Help for the helpers

The importance of mental health support for myelofibrosis caregivers

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Dropping off a casserole. Running an errand. Helping out with a doctor appointment. We’re usually pretty good at supporting people we love through a short-term illness or injury. But with a disease like myelofibrosis (MF), caregiving is very different, according to licensed psychologist Dr Teresa Young, PhD. “When someone is going through a chronic illness for a period of time,” she said, " that’s a form of chronic stress [for the caregiver], a prolonged, sustained shift in roles.”

Young, who works with both patients and families struggling with chronic illnesses, spoke about some of the challenges of the caregiving role. Stress comes from the time-intensive requirement of caregiving, which adds to the initial shock of the patient's diagnosis. “If your caregiving relationship happens really quickly, you might not have thought very strategically about how to manage it, and that can create a lot of stress,” said Young. We asked Young and other experts to share more about how caregivers can sustainably offer support.

“Caregivers often carry the weight of cancer treatment in a way that can feel invisible”

You can't pour from an empty cup.

Dr Michelle Flaum, EdD, LPCC-S, DCMHS Professor Department of Counseling at Xavier University, said she focuses a lot on self-care with her clients who are caregivers. “Oftentimes they push back when it comes to addressing their own needs and taking care of themselves because the priority is the person they are providing care for,” she said. “[But] if people aren’t taking care of themselves and utilizing a support network, they’re going to be no good to the person they are caring for.”

Caregivers also deal with their own feelings about their loved one’s illness. Psychotherapist Marjorie Grafton, LISW-S, said, “Caregivers often carry the weight of cancer treatment in a way that can feel invisible. When you spend so much time and energy caring for another person, it can be hard to acknowledge that you also have your own grief, depression, and anxiety to work through,” she said.

Giving caregivers more care.

In addition to the basic needs of self care, specialists suggest that caregivers take part in support groups, personal therapy, or family therapy. These structures can provide a broader perspective on what a patient goes through. In turn, reducing stress for the caregiver. “Sometimes caregivers aren’t familiar with how bad the patient feels,” said Young. “Maybe they can’t see that the person feels nauseous or fatigued. Providing that education can reframe how they think about the recipient.”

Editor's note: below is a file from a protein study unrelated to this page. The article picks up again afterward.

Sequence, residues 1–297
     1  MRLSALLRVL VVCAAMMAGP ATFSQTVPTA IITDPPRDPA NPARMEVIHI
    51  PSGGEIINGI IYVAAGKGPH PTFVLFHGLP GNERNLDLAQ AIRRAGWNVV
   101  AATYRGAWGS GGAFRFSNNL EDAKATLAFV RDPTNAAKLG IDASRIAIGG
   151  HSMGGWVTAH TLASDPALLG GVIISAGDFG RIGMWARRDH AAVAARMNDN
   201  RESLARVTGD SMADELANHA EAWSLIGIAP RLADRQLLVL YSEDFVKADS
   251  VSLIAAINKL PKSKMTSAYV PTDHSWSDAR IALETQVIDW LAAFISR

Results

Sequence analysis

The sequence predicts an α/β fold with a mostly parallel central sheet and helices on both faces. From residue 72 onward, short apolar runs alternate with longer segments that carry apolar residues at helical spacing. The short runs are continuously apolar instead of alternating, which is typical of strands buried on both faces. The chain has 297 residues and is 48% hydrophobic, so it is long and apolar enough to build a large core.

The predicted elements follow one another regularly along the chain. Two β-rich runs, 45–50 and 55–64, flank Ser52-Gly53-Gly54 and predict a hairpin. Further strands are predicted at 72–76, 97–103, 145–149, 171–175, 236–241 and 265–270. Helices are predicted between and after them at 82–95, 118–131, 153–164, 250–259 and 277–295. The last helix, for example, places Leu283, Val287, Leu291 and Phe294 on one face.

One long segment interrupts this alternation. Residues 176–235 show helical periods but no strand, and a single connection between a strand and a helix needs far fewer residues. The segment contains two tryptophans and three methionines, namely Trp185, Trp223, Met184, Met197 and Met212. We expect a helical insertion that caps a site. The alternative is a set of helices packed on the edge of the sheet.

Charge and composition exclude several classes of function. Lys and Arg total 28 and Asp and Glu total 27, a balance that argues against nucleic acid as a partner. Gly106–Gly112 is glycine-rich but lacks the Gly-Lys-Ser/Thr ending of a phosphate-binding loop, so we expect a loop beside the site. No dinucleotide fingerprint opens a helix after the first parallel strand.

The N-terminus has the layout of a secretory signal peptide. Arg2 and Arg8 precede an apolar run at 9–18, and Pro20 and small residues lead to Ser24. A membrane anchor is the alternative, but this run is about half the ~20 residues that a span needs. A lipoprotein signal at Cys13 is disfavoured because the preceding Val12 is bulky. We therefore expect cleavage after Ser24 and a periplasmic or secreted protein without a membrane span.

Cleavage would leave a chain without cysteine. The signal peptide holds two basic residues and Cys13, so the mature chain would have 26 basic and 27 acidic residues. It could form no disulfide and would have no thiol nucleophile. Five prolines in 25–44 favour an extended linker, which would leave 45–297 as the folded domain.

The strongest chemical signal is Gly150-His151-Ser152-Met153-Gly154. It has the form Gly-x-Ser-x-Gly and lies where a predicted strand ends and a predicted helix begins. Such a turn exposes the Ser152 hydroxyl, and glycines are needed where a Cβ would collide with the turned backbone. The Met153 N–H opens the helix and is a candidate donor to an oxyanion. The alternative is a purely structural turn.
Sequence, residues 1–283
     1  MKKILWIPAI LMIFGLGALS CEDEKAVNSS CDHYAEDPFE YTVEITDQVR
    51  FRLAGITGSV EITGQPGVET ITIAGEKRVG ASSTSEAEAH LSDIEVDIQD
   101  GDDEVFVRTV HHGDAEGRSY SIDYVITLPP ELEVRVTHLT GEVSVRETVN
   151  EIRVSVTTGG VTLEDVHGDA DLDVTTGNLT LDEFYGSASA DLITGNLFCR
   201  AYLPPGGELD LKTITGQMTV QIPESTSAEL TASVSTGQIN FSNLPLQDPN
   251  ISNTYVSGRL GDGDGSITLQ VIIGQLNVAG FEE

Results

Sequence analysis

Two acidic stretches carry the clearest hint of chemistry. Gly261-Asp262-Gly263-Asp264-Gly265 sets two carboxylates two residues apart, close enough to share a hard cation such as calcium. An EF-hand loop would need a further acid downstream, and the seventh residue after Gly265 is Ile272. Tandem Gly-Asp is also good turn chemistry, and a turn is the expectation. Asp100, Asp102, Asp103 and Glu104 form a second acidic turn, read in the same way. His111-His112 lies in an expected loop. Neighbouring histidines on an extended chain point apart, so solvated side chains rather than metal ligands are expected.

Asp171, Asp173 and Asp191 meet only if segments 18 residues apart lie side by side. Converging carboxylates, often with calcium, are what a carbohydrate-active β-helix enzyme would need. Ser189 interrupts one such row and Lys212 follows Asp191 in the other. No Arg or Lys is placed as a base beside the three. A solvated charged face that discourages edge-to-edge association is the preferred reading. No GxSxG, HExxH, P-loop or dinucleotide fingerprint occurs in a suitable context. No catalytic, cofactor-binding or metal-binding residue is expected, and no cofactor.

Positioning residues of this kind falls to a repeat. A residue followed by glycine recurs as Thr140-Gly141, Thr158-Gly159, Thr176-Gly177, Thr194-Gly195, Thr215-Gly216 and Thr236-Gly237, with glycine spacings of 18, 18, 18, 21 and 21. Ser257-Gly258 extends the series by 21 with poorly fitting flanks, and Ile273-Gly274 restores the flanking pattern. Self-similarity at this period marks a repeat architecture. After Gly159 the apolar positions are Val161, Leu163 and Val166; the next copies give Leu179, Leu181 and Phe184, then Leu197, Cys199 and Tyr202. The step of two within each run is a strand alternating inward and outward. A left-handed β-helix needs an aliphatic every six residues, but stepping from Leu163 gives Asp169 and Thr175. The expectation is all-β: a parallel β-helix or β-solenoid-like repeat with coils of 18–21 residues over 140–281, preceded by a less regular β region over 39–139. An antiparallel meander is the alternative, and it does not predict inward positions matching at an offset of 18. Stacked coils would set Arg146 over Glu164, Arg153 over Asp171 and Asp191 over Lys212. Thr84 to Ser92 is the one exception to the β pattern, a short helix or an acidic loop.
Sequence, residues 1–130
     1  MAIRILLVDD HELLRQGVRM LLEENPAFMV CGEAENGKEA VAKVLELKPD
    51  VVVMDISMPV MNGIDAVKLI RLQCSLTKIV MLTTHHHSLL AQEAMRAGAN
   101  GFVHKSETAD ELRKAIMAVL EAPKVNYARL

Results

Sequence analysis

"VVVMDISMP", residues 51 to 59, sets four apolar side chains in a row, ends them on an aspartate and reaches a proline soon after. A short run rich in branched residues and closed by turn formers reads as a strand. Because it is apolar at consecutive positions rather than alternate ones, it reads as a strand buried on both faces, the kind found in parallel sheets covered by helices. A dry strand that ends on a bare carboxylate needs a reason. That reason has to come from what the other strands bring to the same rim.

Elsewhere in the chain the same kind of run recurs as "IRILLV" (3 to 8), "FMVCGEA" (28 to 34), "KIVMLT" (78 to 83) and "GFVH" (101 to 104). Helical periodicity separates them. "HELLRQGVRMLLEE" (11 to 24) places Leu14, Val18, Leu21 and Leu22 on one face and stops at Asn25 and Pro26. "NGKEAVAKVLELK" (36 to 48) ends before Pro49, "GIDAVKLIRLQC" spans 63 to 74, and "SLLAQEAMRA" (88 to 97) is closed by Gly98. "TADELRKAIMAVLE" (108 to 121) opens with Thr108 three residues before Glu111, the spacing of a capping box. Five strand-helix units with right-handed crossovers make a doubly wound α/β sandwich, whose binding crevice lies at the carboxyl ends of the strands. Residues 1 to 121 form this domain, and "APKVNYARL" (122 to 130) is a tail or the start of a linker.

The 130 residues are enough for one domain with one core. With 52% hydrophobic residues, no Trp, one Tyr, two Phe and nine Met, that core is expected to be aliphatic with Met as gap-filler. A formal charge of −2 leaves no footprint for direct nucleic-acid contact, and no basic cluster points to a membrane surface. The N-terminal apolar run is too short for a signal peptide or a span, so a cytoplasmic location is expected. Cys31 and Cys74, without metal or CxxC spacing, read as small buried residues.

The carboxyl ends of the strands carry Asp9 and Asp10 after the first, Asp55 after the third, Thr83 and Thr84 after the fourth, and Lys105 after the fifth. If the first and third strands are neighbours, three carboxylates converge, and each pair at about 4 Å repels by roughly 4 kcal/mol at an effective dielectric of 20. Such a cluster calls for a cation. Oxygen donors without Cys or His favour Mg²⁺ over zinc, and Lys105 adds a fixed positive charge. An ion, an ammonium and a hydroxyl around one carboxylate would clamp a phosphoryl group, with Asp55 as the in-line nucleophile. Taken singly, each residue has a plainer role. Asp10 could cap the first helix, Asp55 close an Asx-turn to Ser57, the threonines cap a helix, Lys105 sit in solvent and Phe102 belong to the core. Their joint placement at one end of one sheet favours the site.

“For some people who are sick, they want their loved one to keep living their own life.”

Another benefit to supporting the caregiver is making the patient feel more at peace. Young explained that, “For some people who are sick, they want their loved one to keep living their own life. It increases their sense of burdensomeness if the caregiver gives up everything. [The patient] wants to hear the story that you went out for coffee or took a cooking class. That can bring relief to patients.”

Ultimately, mental health support for MF caregivers is good for everyone. Grafton said, “The more that caregivers receive their own support, the better they are able to be in a relationship with the cancer patient that they love, improving the quality of their relationship as well as improving health outcomes.”

What does mental health support for caregivers look like?

While much can be gained from traditional, in person, one-on-one sessions with a therapist, they may not be right for everyone. In recent years, due in part to the pandemic, a variety of online and offline options for mental health care have become more accessible. Our experts recommend exploring both clinical support and other activities that may give caregivers a replenishing break—a moment, an hour, or a day, where they can recharge themselves.

Here are a few ways for a caregiver to recharge:

Is it time to get help?

Psychotherapist Grafton provided a list of what caregivers should notice in their own lives when deciding whether to seek help:

  • Changes in eating habits
  • Changes in quality of sleep
  • Changes in use of alcohol or other substances
  • Bottling up emotions
  • Feeling resentment or anger
  • Angry outbursts or losing patience with your loved one
  • Giving up things that matter to you or lack of interest in what once was fun
  • Feelings of sadness, depression, hopelessness, anxiety, or fear

Working together as a family

Psychologist Young said family therapy is a great way for patients to talk about their experiences and caregivers to talk about their fears together, in a structured setting. Some of the benefits you might experience getting help together:

“The more that caregivers receive their own support, the better they are able to be in a relationship with the cancer patient that they love.”






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